, Volume 22, Issue 8, pp 653–661 | Cite as

Impact of weed control on arbuscular mycorrhizal fungi in a tropical agroecosystem: a long-term experiment

  • José A. Ramos-Zapata
  • Denis Marrufo-Zapata
  • Patricia Guadarrama
  • Lilia Carrillo-Sánchez
  • Laura Hernández-Cuevas
  • Arturo Caamal-Maldonado
Original Paper


Cover crop species represent an affordable and effective weed control method in agroecosystems; nonetheless, the effect of its use on arbuscular mycorrhizal fungi (AMF) has been scantily studied. The goal of this study was to determine root colonization levels and AMF species richness in the rhizosphere of maize plants and weed species growing under different cover crop and weed control regimes in a long-term experiment. The treatment levels used were (1) cover of Mucuna deeringian (Muc), (2) "mulch" of Leucaena leucocephala (Leu), (3) "mulch" of Lysiloma latisiliquum (Lys), (4) herbicide (Her), (5) manual weeding (CD), (6) no weeding (SD), and (7) no maize and no weeding (B). A total of 18 species of AMF belonging to eight genera (Acaulospora, Ambispora, Claroideoglomus, Funneliformis, Glomus, Rhizophagus, Sclerocystis, and Scutellospora) were identified from trap cultures. Muc and Lys treatments had a positive impact on AMF species richness (11 and seven species, respectively), while Leu and B treatments on the other hand gave the lowest richness values (six species each). AMF colonization levels in roots of maize and weeds differed significantly between treatment levels. Overall, the use of cover crop species had a positive impact on AMF species richness as well as on the percentage of root colonized by AMF. These findings have important implications for the management of traditional agroecosystems and show that the use of cover crop species for weed control can result in a more diverse AMF community which should potentially increase crop production in the long run.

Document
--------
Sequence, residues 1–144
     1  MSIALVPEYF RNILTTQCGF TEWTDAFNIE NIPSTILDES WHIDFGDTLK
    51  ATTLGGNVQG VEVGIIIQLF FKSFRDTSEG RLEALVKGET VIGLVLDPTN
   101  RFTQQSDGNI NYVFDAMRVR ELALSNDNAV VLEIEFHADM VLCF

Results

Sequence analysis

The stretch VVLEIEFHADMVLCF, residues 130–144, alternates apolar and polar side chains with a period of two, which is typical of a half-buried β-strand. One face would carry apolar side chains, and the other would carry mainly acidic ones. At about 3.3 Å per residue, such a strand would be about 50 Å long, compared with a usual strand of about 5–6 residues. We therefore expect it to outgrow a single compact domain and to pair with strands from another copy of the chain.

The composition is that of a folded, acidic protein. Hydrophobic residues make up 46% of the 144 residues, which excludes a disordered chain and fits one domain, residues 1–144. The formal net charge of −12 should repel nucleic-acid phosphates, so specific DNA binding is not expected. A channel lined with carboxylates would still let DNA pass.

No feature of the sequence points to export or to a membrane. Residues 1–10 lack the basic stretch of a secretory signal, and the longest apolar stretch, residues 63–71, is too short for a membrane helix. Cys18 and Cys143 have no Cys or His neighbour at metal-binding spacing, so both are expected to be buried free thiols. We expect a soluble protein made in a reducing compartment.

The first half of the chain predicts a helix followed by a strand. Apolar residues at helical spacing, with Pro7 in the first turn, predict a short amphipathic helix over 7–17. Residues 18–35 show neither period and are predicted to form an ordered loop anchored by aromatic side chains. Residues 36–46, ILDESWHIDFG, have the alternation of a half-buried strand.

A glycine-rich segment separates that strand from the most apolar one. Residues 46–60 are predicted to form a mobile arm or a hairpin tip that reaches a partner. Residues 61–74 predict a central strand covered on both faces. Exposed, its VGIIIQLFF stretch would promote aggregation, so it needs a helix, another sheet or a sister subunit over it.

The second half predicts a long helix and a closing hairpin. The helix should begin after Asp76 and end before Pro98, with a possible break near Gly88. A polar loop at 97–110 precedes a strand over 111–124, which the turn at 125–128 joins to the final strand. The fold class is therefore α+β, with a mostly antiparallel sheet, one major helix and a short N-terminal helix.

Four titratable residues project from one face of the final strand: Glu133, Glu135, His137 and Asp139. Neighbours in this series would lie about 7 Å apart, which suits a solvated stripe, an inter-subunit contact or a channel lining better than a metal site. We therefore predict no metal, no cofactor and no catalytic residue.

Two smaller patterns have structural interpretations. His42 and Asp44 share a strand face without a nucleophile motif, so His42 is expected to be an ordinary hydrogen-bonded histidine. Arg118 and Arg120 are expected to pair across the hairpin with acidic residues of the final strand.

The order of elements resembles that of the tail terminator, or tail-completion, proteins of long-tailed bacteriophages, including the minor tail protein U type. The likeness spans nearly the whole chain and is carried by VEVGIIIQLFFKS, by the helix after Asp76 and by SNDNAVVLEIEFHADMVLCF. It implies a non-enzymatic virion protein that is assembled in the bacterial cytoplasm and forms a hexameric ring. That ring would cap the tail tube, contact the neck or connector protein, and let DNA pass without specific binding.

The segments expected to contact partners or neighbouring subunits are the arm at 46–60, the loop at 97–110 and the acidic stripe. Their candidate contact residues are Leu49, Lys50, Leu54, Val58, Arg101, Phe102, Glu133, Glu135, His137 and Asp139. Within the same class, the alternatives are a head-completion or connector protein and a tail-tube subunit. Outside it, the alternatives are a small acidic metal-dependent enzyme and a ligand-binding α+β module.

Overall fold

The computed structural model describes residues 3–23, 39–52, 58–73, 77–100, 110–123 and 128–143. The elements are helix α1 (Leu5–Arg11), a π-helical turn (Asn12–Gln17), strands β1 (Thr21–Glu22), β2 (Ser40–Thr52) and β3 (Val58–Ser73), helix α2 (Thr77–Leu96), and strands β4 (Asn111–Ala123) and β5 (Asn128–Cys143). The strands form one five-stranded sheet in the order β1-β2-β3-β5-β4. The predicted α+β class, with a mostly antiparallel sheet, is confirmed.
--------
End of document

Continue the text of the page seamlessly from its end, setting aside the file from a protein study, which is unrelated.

Weeds Herbicide Fallow Arbuscular mycorrhizal fungi Cover crop Mulch 



The authors would like to thank Héctor Cetina for laboratory and field work. This study was financially supported by the PRIORI program of the Universidad Autónoma de Yucatán, through the projects PRIORI-FMVZ-02-015 and PRIORI-FMVZ-04-010.


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Copyright information

© Springer-Verlag 2012

Authors and Affiliations

  • José A. Ramos-Zapata
    • 1
  • Denis Marrufo-Zapata
    • 1
  • Patricia Guadarrama
    • 2
  • Lilia Carrillo-Sánchez
    • 3
  • Laura Hernández-Cuevas
    • 4
  • Arturo Caamal-Maldonado
    • 1
  1. 1.Departamento de Ecologia TropicalUniversidad Autónoma de YucatánMeridaMexico
  2. 2.Unidad Multidisciplinaria de Docencia e Investigación, Facultad de CienciasUniversidad Nacional Autónoma de MéxicoSisalMexico
  3. 3.Departamento de Recursos NaturalesCentro de Investigación Científica de YucatánMéridaMexico
  4. 4.Laboratorio de Micorrizas, Centro de Investigación en Ciencias BiológicasUniversidad Autónoma de TlaxcalaTlaxcalaMexico

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